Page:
A history of the Christ Church is available on its website. Here, the first incarnation of the church is described as a log building at the head of Port Tobacco Creek, constructed in 1683. This building was replaced in 1709, although no information is provided to determine if the location had changed. This building, likely the one described elsewhere, was destroyed by a tornado in 1808. A brick church was consecrated in 1818; no mention is made as to where the congregation met for the 10 years in between. The 1818 building was demolished after it fell into disrepair and a new stone church was constructed in the 1870s and "reconfigured" in 1884. This 1884 building is the one that was relocated to La Plata, but the church that stands there now is still not the same church. A fire destroyed much of that church in 1905. Since then, additions have been constructed and repairs after the 2002 tornado were extensive.

In sum, there is the potential for five Port Tobacco Christ Church footprints to exist within the town! Each demolition event should have left a significant archaeological deposit. The question is, where were these churches located. Some may have been built on existing foundations but as the building size, shape, and construction materials changed, so would the footprint. Also, if a new church was planned, it is likely that construction on it began before the existing building was demolished.

To complicate matters, the Christ Church of Port Tobacco was not established until 1692. So the 1683 church predates this institution. To complicate matters further, the Society for the Restoration of Port Tobacco believes that the locations of the church and the courthouse were swapped after both were destroyed by a tornado, presumably the 1808 tornado. Which suggests that the foundation that was encountered under the courthouse may have been that of the 1709 church!

So, given this history of the Christ Church I am still a bit confused by this sign that stands at Port Tobacco today. It says "Old Christ Church 1692" and is in front of the "ruin" of the removed 1884 church, but points away from it. What is it pointing to? The site of the original log church? If so, it is not very specific as to where that church was located.

Isn't archaeology fun?


Tuesday, December 11, 2007

Daniel Dulany

Our notable for this week may prove to be a bit more refreshing to read about. Daniel Dulany arrived at Port Tobacco in 1703 and did not conspire to murder or find himself enslaved. He did, however, find himself indentured to George Plater II for a period of 3 years. This was not unusual as many of those who immigrated were given passage in return for a finite period of servitude.

Apparently Plater saw potential in young Dulany and he served as a law clerk for Plater. At the conclusion of his indenture, Dulany studied law in London and returned to Maryland to become a prominent Annapolis lawyer and one of the state's first major land developers. At his death in 1753, he owned 47,000 acres of land and is credited with the founding of Frederick Town, named in honor of Lord Baltimore's son. He is buried in the family vault at St. Anne's Church in Annapolis.
It is interesting to note that Dulany arrived in 1703 so Port Tobacco was already established as a major port town by then. The Port Tobacco Archaeological Project team would be quite excited to find some of the 17th century components of the site.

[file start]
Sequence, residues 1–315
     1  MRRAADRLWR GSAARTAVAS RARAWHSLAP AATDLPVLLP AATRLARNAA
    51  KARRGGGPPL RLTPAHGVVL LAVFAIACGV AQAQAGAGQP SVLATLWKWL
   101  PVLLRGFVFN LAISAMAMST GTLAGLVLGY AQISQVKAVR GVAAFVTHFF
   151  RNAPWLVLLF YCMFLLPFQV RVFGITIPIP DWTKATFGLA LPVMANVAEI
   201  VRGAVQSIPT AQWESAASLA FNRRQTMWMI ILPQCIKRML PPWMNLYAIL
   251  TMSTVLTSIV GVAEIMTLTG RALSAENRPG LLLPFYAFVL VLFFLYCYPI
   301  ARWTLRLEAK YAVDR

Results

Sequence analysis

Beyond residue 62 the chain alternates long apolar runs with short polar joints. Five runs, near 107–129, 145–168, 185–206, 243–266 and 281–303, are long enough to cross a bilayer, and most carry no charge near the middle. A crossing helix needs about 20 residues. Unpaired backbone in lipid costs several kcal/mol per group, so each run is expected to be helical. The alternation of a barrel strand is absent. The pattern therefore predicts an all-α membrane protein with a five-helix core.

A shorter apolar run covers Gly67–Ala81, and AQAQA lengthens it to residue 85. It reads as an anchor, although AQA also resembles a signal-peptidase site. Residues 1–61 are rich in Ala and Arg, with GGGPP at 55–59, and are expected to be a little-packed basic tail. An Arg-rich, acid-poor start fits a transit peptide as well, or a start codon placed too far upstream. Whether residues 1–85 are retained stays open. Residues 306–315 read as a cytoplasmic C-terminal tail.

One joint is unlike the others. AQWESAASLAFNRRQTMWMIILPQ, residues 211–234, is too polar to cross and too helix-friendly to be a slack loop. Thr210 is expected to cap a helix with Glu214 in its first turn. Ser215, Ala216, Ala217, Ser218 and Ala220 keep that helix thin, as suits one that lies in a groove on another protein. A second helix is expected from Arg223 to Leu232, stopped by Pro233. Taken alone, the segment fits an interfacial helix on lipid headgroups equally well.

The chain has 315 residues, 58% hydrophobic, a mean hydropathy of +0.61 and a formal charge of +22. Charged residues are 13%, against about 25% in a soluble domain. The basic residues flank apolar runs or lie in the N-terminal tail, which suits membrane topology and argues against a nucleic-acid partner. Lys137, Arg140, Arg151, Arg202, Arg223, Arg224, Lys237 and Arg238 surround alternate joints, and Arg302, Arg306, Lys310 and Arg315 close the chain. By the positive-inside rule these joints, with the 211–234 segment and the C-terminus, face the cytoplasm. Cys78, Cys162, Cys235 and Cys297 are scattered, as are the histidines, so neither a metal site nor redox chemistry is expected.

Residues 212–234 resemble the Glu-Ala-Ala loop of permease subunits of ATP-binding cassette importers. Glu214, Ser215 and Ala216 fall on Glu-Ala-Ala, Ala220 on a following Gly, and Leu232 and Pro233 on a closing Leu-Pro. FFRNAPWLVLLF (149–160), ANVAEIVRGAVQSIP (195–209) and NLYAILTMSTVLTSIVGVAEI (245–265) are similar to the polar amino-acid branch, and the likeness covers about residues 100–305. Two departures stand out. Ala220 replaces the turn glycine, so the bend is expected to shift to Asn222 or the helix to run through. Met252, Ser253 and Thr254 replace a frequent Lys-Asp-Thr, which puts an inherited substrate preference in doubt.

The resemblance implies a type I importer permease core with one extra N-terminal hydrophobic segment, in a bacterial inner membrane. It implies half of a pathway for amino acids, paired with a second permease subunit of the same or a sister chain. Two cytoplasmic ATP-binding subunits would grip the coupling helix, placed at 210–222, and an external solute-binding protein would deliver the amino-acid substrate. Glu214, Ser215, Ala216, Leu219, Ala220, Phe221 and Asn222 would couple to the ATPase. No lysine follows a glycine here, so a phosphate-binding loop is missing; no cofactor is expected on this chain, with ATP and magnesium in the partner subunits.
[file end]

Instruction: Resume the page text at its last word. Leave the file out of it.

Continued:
Note from the Managing Director: While we have not yet completed the analysis of the fieldwork to date, it is clear that we found several ceramic sherds that date to the late 17th or very early 18th centuries. We are running a little bit behind, but should have the report ready early next week.

Monday, December 10, 2007

We Need A Logo

Peter is away from the lab today so in his place I present you with the following request....

Are you creative and artistic? Want to donate these services to help us out?
The Port Tobacco Archaeological Project needs a logo.
We are looking for a simple black and white line drawing that can adorn our webpages, business cards, and such. Ideally it would convey the goals of the project and/or the importance of the town.

In return we offer you our gratitude and a blog post all about you and your logo design.

We will entertain logo suggestions until February 1st. If we receive multiple submissions we will post them on the blog and let our readers help us select the best one.

Ready? Set? Draw!


Sunday, December 9, 2007

Odds and Ends

You probably noticed the new slideshow in the left column. I've started uploading project photos to our new account. You can click n an image in the slideshow to pause it and go backwards or forwards too. Alternatively you can go straight to our Flickr page ( ) to see all the photos and comment on them. We will be adding descriptions soon.

Photo Poll
Speaking of photographs, I want to thank everyone who voted in the photo poll. Since the 1st and 2nd place photos were separated by only a few votes, I decided to submit both of them to the contest. The voting for the official contest will happen at the Society for Historical Archaeology conference in early January. I'll let everyone know how our photos place.

New Poll
There is a new poll question.

Newspaper Coverage
Port Tobacco was part of another Maryland Independent article. You can read it here. Our own Jim Gibb is quoted throughout. Here is a snippet:

Amateur archeologists contribute to the preservation of Southern Maryland’s history. More than two dozen volunteers joined archeologists during the past few months to help do the initial survey at Port Tobacco. The volunteers helped archeologists clean, analyze and record information for a report intended to convince the state, Charles County government and local residents to pitch in financially and physically to keep the project in motion.‘‘It’s really important to build up steam on this,” he said. ‘‘We need consistent commitment of local funding to really make this thing happen. This is a long-term project.”

So far, the excavation has uncovered 15 boxes filled with a variety of artifacts, Gibb said.

"Given the fact that we’re just doing a shovel test, it’s extraordinary,” he said. "There wasn’t a single test unit that didn’t produce at least one artifact. Some units produced a couple of gallon-sized bags full. That’s a lot to come out of a little hole.”